The arterial pulse contour method in essence is very simple. An arterial catheter is inserted into a peripheral artery, usually the radial or femoral. The catheter is connected to a pressure transducer which is zeroed and checked for under or over damping. The analog arterial pressure signal is fed into a device that calculates cardiac output from the trace. However, there are at least ten different algorithms that can be used to derive cardiac output from arterial pressure. The theoretical basis to these different algorithms is extremely complicated and involves different mathematical models that describe the circulation and adjust for changes in its impedance and compliance of the peripheral circulation. A brief outline of how these algorithms is given.

  1. The simplest model that describes the circulation is the pressure = flow x resistance relationship. The area under the arterial pressure curve is directly proportional to cardiac output providing peripheral resistance remains constant. Unfortunately, peripheral resistance does not remain constant. It is constantly changing under the influence of the sympathetic nervous system which helps to maintain blood pressure and the circulation as body position changes or the person exercises.

  2. Changes in peripheral resistance are reflected in diastolic pressure, so the simplest adjustment to the model is the use of pulse pressure (i.e. systolic-diastolic) rather than the arterial pressure to calculate cardiac output. This method is used in several pulse contour systems.

  3. The dynamics of the circulation is not as simple as pressure = flow x resistance. The circulation is a pulsitile system and when the heart pumps the arterial system has to expand to accommodate the additional blood. Windkessel compared the arterial system to a capacitor and proposed a two element model of the circulation with both resistive and capacitive components.

  4. The two element model still did not describe the circulation in its entirety. Wesseling et al added a third inductive element to compensate for time lags as blood flowed through the arterial system [19]. Their three-element model was called “Model Flow” and was first used in the Finapres, a finger blood pressure cuff technology.

  5. Although, blood flow in the ascending aorta occurs during systole, as the blood travels more distally a significant proportion of blood flow also occurs in diastole and this component forms part of the peripheral arterial pressure wave. Thus, algorithms that measure cardiac output from a peripheral site such as the radial artery also should compensate for the diastolic component. One method is to identify the dichotic notch in the pulse wave and thus differentiate between the systolic and diastolic components.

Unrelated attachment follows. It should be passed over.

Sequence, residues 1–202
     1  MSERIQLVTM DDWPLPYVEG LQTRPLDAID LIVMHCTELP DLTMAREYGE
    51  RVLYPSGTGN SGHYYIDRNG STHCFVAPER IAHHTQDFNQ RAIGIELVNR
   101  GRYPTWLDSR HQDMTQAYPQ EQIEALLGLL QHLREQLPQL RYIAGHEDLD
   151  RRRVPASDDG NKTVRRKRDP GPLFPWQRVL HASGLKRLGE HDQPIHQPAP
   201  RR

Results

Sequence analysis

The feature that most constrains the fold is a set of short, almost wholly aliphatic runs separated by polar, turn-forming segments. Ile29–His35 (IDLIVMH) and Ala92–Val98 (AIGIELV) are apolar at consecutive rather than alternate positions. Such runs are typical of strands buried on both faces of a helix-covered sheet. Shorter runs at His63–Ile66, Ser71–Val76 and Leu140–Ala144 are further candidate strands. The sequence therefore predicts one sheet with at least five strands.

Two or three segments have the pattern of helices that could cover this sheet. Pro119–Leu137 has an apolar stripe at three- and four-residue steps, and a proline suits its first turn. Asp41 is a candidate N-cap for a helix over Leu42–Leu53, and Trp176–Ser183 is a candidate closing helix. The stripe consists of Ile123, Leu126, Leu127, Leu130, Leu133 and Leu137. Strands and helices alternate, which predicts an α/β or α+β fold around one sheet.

6. Finally, just as arterial pressure and blood flow changes over the course of one cardiac cycle, so does the impedance and compliance of the circulation. In most Windkessel based models the impedance and compliance remains static. The Liljestrand-Zander model compensates for this non-linearity. Sun in his thesis on cardiac output estimation using arterial blood pressure waveforms found the Liljestrand-Zander algorithm to be the most robust one he tested [26].

The main pulse contour systems currently available use several of these models. The FloTrac-Vigileo (Edwards Lifesciences) uses an empirical model based of pulse pressure and vascular tone. The PiCCO (Pulsion) uses a Windkessel model measuring area under the pressure curve. The LiDCO uses a similar approach but calculates the power, or root mean square (RMS), under the pressure curve. The PRAM-MostCare (Vytech) calculates the pulsitile area under both the systolic and diastolic curves [26,27].

Pulse contour systems need to be calibrated. The early models used a reading from a second cardiac output measurement system, such as thermodilution. However, this proved inconvenient and not conducive to clinical sales. Thus, later models were designed that self calibrated using patient demographic data. The PiCCO uses transpulmonary thermodilution and the LiDCO-plus lithium dilution. Self calibration is performed by the FloTrac, LiDCO-rapid and PRAM-MostCare methods (Figure 10). Normograms have been developed based on population data and require input of the patient’s age, gender, weight and height.

Figure 10.

Four main pulse contour monitors being used. FloTrac-Vigileo (top left), PiCCO with femoral artery catheter that provides transpulmonary thermodlitation (top right), LiDCO with user card (bottom left) and PRAM-MostCare (bottom right). LiDCO system also provides lithim dilution cardiac output. (Images downloaded from manufacturers websites)

4.4. Nonivasive pulse contour

Very few pulse contour systems are available that measure arterial blood pressure using a finger cuff. The most well known system is the Nexfin (BMEYE) (Figure 11). It is able to track blood pressure from the digital artery in real time. Cardiac output is calculated from a three element Windkessel model [19].

Figure 11.

Finger cuff system used by the Nexfin. (Image from BMEYE)

4.5. Partial carbon dioxide rebreathing